Living creatures in and around the Fundy will be coping with this disaster for a long time. In fact, it will get worse, not better, while not necessarily in exactly the same way. The Bay of Fundy, as part of the Gulf of Maine, faces major challenges due to the fossil fuel and methane pollution rapidly changing the chemistry of the world’s oceans.

Our publicly-funded scientists must be unrelenting in search of identification of contributing causes. Instead, after virtually hiding for more than five weeks, regional DFO staff emerged on Friday December 30th. (That link is to national CTV coverage. This link is to local coverage: by listening to one story and letting it run onto the next and next, you can get a good chronology of the past week.) DFO comments appear dismissive: there is nothing to be concerned about, the event appears to be over, it is not “environmental,” etc., while they are unashamed to say it’s “perplexing.”

DFO has made some huge mistakes in the past, as post-mortem analyses of the collapse of the Cod fishery shows. (Please note the comment in there about DFO’s “failure to recognize environmental changes and their impact on the groundfish fishery”). Does DFO now know how to listen for alarm bells? Sadly, it does not seem so. On both coasts, and in every province between (see comments on our petition), people report DFO’s outright dismissiveness of community concerns. It appears that sometimes DFO goes even further and deliberately misinforms. Deliberate action or lack of capacity, you leaders MUST step in to prevent DFO from fumbling the ball any longer.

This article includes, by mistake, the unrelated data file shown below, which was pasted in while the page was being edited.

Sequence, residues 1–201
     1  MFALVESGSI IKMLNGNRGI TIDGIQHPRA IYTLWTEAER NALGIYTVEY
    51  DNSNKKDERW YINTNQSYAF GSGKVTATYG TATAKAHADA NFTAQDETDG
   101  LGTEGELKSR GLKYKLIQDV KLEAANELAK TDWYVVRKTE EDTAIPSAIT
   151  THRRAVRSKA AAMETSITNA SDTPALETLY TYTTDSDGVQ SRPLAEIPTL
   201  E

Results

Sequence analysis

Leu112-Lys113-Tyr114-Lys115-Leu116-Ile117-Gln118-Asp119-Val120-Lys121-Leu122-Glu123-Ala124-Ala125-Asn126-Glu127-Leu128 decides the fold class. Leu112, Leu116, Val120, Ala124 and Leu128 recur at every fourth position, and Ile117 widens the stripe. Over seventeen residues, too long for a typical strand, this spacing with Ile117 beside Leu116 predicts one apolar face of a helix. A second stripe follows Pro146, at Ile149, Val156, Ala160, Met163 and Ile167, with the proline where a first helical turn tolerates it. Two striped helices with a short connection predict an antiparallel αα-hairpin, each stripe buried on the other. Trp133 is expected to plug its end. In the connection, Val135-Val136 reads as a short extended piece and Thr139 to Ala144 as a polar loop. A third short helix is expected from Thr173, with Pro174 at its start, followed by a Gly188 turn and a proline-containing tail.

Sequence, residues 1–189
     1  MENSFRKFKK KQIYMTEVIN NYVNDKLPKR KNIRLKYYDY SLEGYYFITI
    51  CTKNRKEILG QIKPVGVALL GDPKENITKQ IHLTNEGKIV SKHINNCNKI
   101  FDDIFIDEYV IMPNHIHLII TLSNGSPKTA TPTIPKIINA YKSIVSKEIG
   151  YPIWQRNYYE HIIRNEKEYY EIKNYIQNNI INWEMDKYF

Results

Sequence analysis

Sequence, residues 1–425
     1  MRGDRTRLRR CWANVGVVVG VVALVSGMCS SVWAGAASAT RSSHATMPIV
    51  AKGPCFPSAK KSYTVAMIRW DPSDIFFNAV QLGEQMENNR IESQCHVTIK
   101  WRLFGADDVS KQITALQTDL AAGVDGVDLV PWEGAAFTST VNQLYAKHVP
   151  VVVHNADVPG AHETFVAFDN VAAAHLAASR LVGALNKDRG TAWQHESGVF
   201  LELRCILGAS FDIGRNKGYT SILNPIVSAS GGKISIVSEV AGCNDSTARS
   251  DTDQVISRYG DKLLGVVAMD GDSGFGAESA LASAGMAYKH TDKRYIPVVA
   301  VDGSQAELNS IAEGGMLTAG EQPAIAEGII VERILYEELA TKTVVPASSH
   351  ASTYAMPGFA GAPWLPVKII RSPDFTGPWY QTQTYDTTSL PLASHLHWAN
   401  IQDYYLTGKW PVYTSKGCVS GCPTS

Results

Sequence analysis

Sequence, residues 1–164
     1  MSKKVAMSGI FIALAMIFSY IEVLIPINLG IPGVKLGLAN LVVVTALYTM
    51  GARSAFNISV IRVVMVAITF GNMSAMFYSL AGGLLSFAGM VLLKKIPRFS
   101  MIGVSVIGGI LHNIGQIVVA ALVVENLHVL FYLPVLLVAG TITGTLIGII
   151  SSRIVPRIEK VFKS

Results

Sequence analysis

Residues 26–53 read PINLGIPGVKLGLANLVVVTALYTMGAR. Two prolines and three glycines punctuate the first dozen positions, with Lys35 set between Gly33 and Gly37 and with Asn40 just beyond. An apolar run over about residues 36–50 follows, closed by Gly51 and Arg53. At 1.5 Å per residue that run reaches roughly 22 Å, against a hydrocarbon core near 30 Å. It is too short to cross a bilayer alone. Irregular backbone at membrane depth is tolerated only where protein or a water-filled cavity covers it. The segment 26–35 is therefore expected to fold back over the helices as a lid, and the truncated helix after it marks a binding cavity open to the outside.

The November/December 2016 Fundy fish crisis is terrible beyond words, but we are not just concerned about that event. We certainly do not want to see you leaders get yourself off the hook by throwing individual staffers under the bus. You cannot blame the staff. It is the political leadership that sets the tone and determines expectations about priorities, so our sights are set for a larger and more significant goal.

We watched the previous federal government, under Stephen Harper, conduct a war on science and environmental protection regulation. This article, La recherche fédérale sur la pollution décimée par le gouvernement Harper (Federal Pollution Research Decimated by the Harper Government), published in Quebec’s Le Soliel in June 2012, provides some insight on this matter. The remaining staff in the “decimated federal government’s DFO had to learn to shut up to keep their jobs. For scientists and nature advocates, this means shutting down their brains and closing their hearts.

Prime Minister Trudeau, although the only federal politician addressed in our petition is your close colleague Dominic LeBlanc, DFO Minister, we added you to this Open Letter. You are really the one person with full duty of care for protection of the Bay of Fundy. In your recent Ocean Protection Plan announcement you commit to “ensure the health of our oceans for generations to come” because our coastal habitats are “rich” in “biodiversity and precious ecosystems” that “offer unparalleled economic, recreational, and tourism opportunities.” Step up and put muscle behind that promise. The past six weeks show that staff in departments such as DFO do not understand you are serious about this.